Both look and drive today like the day I drove them home from the dealer. Because the climate out here preserves them well beyond the distance I'll end up driving them. There is no way I could say that if I retired in the rust belt.

In a working lifetime this easily amounts to well into 6 figures in added vehicle expense. Due to the fact the climate destroys vehicles in short order back there..... Regardless of how good you are at maintaining them.
 
Joined
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Dripping Springs, TX
I’m from the rust belt (Wisconsin) and now live in central Texas. There was a point where I hadn’t been able to visit up north for about 5 years. When I finally did get to visit my folks, I was shocked by how rusty even “late model” cars were, particularly Mazdas and full sized pickups. I even saw a rusty Honda Pilot. This was in 2015. If I had to live up north, I would buy used 10-30 year old daily driver cars from Texas to California.

My sweet spot is finding sub-$3,000 70’s cars/trucks with no catastrophic mechanical problems and cosmetic interior/exterior issues. Mileage has ranged anywhere from 33k on the ‘74 Mark IV for $1500 (plus shipping from Long Island) a couple months ago to 212K for a $1,000 ‘77 Ford F-250 Super Cab with a freshly-rebuilt 460 in 2013 (needed a u-joint, carrier bearing). In that mix, there’s also my ‘76 Gremlin, ‘74 Bonneville 2 door, ‘76 coupe DeVille, 85 GMC conversion van and ‘79 Bronco.

For daily transportation, it would be sub-$3000 (was $2000 a couple years ago) Toyota-built cars from the 90’s and 2000’s or Panther Platform Ford products at or under 200k and must have working a/c. My DD 2000 Town Car was a bit of an splurge at $5200 (in 2016) but it was mint with only 39k (now 142K).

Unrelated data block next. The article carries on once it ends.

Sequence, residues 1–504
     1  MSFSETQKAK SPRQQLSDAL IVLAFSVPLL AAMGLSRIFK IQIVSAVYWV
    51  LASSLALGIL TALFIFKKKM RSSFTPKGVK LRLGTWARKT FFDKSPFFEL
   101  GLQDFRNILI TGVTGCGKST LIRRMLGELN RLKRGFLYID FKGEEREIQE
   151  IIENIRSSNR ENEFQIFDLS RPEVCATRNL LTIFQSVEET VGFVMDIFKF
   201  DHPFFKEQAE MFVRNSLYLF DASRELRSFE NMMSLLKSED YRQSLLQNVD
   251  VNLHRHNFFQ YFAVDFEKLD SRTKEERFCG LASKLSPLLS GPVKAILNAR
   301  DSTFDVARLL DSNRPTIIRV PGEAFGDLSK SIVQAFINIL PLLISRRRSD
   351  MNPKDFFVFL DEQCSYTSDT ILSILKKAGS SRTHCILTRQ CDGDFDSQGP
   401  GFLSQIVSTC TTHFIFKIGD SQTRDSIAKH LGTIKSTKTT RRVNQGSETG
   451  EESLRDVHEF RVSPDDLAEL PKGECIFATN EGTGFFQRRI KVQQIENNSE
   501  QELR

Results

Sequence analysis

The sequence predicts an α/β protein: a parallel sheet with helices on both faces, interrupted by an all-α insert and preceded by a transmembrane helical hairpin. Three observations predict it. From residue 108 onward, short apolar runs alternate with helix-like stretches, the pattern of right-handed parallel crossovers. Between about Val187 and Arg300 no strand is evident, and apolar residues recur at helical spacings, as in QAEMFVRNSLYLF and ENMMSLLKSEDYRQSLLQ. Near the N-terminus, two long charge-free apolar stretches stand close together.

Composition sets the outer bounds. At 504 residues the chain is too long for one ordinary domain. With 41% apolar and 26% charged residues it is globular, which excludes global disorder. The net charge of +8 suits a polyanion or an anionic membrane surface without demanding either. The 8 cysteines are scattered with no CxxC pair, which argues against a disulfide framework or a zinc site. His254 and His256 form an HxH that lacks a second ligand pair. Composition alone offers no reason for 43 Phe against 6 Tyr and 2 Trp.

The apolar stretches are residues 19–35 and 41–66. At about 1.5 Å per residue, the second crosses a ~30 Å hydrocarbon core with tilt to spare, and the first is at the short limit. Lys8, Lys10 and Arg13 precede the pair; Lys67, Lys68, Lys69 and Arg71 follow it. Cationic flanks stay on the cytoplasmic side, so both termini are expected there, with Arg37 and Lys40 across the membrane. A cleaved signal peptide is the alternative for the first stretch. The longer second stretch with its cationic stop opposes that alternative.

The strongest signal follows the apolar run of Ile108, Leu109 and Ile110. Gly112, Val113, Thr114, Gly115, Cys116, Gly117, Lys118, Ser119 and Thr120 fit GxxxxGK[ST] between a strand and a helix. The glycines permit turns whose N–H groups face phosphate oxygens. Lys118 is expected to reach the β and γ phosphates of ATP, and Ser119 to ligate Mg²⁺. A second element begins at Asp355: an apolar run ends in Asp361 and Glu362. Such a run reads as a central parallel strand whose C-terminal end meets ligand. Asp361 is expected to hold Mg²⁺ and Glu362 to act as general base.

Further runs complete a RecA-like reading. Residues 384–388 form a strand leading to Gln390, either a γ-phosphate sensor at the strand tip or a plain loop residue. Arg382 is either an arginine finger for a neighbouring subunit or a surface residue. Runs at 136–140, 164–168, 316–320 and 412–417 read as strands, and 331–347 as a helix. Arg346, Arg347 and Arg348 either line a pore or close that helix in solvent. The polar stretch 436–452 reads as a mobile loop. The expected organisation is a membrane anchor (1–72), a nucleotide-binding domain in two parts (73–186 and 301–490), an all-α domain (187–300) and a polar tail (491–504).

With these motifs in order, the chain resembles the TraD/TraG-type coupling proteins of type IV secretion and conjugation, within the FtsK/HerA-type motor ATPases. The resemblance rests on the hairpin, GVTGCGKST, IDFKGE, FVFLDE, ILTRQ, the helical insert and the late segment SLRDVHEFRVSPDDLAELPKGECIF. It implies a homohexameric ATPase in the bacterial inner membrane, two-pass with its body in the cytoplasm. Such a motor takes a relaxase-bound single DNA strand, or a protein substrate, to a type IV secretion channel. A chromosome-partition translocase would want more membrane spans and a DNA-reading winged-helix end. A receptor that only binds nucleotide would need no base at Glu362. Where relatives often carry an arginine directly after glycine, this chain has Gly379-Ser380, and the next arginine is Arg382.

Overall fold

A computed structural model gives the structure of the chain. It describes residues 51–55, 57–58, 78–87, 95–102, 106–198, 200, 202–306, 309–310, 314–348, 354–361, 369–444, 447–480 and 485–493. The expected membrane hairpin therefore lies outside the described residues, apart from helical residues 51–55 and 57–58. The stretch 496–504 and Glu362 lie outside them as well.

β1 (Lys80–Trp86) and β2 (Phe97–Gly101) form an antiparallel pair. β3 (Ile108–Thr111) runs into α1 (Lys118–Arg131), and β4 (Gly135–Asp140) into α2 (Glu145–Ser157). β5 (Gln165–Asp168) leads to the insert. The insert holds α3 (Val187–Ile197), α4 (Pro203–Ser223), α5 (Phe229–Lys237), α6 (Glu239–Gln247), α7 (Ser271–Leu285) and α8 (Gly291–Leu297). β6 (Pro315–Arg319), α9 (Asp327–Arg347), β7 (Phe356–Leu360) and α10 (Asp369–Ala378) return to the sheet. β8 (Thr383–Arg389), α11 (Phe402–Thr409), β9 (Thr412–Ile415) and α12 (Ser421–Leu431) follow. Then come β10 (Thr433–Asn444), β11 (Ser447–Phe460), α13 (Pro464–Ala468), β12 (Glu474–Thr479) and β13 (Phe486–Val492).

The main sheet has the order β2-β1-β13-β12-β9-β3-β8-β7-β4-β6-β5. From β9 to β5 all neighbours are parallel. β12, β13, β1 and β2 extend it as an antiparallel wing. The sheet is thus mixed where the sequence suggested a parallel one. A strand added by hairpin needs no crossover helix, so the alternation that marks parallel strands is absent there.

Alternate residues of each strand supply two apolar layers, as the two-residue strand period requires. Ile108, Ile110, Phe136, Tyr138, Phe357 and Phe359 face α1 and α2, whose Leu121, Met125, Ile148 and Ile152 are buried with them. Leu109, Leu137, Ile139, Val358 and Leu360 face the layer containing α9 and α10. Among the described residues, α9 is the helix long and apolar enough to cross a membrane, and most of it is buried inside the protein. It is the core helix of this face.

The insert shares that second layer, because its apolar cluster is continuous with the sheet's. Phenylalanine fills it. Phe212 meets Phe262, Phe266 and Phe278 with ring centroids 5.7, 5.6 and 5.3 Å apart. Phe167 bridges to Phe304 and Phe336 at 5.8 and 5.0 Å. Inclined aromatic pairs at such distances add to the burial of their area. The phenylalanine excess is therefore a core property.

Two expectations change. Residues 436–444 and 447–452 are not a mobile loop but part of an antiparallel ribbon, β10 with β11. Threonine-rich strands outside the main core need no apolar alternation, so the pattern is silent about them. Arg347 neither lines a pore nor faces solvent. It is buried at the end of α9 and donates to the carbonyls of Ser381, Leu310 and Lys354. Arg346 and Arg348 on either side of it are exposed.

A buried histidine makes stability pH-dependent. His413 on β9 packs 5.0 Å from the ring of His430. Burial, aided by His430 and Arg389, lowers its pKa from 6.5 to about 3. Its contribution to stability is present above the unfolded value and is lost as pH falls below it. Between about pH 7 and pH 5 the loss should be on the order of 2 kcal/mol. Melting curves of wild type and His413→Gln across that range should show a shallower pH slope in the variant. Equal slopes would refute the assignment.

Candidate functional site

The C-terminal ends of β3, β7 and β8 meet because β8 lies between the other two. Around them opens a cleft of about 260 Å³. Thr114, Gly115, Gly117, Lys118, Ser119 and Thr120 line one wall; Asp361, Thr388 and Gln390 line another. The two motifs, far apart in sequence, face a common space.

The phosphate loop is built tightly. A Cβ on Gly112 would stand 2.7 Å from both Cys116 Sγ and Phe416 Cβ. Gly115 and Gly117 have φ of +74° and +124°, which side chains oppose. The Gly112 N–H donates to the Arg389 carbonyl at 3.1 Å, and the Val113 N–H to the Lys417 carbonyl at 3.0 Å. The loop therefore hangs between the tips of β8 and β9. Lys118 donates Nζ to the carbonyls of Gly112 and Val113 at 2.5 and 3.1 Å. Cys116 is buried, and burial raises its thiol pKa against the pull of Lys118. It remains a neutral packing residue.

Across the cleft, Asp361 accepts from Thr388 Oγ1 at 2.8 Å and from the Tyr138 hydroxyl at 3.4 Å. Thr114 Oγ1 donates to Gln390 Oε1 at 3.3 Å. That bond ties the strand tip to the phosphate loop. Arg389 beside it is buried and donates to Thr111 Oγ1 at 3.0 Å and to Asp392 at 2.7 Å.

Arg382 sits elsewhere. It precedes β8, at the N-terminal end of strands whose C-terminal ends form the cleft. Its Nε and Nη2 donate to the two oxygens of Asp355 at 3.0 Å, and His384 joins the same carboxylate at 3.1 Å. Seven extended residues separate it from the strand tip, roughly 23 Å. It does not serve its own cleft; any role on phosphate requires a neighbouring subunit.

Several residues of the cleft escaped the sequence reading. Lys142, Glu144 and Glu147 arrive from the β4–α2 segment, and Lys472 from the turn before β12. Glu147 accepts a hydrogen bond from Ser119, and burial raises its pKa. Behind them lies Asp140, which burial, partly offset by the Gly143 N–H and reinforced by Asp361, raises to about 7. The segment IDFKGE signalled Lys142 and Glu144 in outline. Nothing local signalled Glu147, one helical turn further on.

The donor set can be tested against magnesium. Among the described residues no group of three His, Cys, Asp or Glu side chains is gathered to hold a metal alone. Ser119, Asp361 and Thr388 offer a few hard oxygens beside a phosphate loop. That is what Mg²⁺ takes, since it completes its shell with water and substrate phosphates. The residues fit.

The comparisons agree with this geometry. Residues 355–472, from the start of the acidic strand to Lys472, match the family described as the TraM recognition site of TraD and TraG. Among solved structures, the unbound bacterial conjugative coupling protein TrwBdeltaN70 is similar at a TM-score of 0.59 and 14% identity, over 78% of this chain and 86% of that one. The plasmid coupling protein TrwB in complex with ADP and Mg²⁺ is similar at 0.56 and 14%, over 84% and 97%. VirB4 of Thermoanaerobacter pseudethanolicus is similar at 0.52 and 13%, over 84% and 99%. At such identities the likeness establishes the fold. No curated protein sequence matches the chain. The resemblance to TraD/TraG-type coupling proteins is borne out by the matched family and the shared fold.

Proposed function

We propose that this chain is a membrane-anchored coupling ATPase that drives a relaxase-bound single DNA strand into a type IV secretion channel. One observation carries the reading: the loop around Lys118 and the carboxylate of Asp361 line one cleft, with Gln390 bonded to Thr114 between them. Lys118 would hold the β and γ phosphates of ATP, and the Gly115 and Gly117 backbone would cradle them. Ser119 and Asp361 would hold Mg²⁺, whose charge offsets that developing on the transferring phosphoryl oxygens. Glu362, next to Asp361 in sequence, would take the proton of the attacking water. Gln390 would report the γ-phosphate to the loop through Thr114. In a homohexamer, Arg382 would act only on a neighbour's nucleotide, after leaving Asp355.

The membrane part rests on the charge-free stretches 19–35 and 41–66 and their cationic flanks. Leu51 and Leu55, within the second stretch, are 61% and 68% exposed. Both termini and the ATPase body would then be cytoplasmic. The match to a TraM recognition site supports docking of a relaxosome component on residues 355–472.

Joined
Jan 21, 2011
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California
I will probably never buy a new car my entire life. Brand matters to me. I prefer a design that had been in production for several years so the examples I look at buying will have most or all of the bugs worked out and any recalls completed. Completely avoid first year redesigns.
I usually look for something 3-6 years old, 40-80k miles, service documentation, body and interior in fair shape, not needing any major repairs, around $10-14k depending on the type of vehicle. I care less how they look and I care more how reliable and efficient they are. The big point for me is to let someone else take the financial hit of depreciation, and get in while the vehicle still has at least half of its life remaining, on a solid design.
 
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Nov 27, 2018
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CA
Drive train commonality and longevity across the manufacturer.

Typically means more enthusiast and online forum interest and support.